In his famous book, "One Up on Wall Street", Peter Lynch describes the characteristics of a potentially profitable "turnaround play": It's normally a company that performed well in its ongoing business, usually in the retail industry, then something went wrong, normally in the industry as a whole, and the company, along with its stock were thrown to the sidelines, usually to the arms of chapter 11.
Then, some major positive fundamental event occurred within the company, which changes the company from top to bottom.
When times get better, the stock of such a company could make a good turnaround play because management (hopefully) turned the company into a much leaner, debt- reduced, highly efficient company. Hence, it is likely to outperform the market when the sun begins to shine. A turnaround play, Lynch adds, is a candidate to potentially become a 10 bagger for the investor.
There are two stocks that come to mind when discussing current candidates for turnaround plays in today's market:
1. The first ultimate candidate is General Motors (GM), the global automaker. The company took a hard hit in 2008, was forced to file for bankruptcy, and reemerged as a much leaner, more efficient company that wishes to relive its days of glory.
At the beginning of 2011, GM reemerged with a much discussed launch of an IPO, surrounded with a lot of hype and commotion, and the stock price later peaked at $40 a share. In the months that followed the price was drastically cut only to trade at ~20$ today.
Some basic current valuation metrics for GM:
- Forward P/E of 5.5 for the year 2012, which implies an earnings yield of 18%.
- PEG (price to earning's growth) of 0.43. Lynch is particularly fond of this metric and he believes that it is a key to finding potential 10 baggers. He likes companies that trade for a PEG<1 because it implies that an investor can buy their potential growth on the cheap. In GM's case, it is currently half that metric.
- Price/Sales ratio of only 0.2. This ratio serves as a common thread across the retail industry and serves as a better indicator than the Price/Book ratio.
Considering the above valuation metrics, GM seems ripe for a strong upside increase in the years to come.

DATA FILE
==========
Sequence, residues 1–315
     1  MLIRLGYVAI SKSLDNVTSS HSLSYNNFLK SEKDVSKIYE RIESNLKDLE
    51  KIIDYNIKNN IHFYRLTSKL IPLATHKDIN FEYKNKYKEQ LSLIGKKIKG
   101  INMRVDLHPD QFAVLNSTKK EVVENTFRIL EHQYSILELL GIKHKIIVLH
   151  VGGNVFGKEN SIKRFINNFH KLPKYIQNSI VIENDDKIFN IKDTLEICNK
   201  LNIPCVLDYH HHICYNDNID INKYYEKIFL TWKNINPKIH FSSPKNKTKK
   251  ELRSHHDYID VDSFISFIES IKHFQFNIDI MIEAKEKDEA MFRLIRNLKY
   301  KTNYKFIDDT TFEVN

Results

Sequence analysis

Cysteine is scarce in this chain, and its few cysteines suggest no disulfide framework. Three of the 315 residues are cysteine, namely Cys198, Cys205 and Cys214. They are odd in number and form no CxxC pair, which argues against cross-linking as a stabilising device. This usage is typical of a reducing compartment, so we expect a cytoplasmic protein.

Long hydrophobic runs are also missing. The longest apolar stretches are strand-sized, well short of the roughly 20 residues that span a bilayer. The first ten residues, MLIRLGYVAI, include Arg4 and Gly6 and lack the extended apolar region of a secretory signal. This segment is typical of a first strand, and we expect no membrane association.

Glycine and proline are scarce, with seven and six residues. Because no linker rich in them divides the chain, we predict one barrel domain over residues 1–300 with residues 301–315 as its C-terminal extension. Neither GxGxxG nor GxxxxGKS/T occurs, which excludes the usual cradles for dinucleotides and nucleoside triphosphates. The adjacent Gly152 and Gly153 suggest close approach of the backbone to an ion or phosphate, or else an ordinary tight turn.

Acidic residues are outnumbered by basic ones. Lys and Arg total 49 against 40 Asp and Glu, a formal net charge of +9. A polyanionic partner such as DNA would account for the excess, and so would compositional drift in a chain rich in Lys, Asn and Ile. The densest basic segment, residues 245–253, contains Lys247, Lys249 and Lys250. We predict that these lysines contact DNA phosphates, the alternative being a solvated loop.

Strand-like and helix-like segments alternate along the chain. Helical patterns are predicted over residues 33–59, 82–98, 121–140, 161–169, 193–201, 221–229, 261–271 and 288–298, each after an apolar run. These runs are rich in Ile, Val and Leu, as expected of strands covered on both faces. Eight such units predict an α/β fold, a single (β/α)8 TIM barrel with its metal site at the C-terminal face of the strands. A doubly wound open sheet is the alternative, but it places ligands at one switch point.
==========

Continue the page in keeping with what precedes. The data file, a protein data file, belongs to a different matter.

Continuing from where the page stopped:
2. The second candidate is Charming Shoppes Inc. (CHRS). Charming Shoppes, Inc. operates as a specialty apparel retailer primarily for women in the United States. The company operates retail stores and related e-commerce Web sites under the Lane Bryant, Fashion Bug, and Catherine's Plus Sizes brand names.
Charming Shoppes did not prepare well for the 2007-2008 crisis. Despite its relatively strong brand names, it lost a lot of money and saw the price of its stock plunge from $13 to around $3 were it is today.
Since then, Charming Shoppes has drastically cut its expenditures: It engaged in a store closing program where it closed more than 150 stores of the chain. It also put a strong emphasis on its e-commerce business to make it compatible with other e-retailers.
Some basic current valuation metrics for CHRS:
- No P/E exists for CHRS because the company is still losing money. It is expected to return to profitability next year.
- PEG (price to earning's growth) of 18.5. Again, this metric is extremely high because CHRS barely has any earnings/ earnings growth.
- Price/Sales ratio of only 0.2. Similarly to GM, the company also presents a favorable metric on this scale.
It is worthwhile to note that in contrast to GM which folded its cards and went for chapter 11, Charming has never completely stepped out of the game. Hence, its recovery is likely to take a longer time and be a more frustrating process.
I believe that a long- term investment in either one of those companies could prove to be a very good move.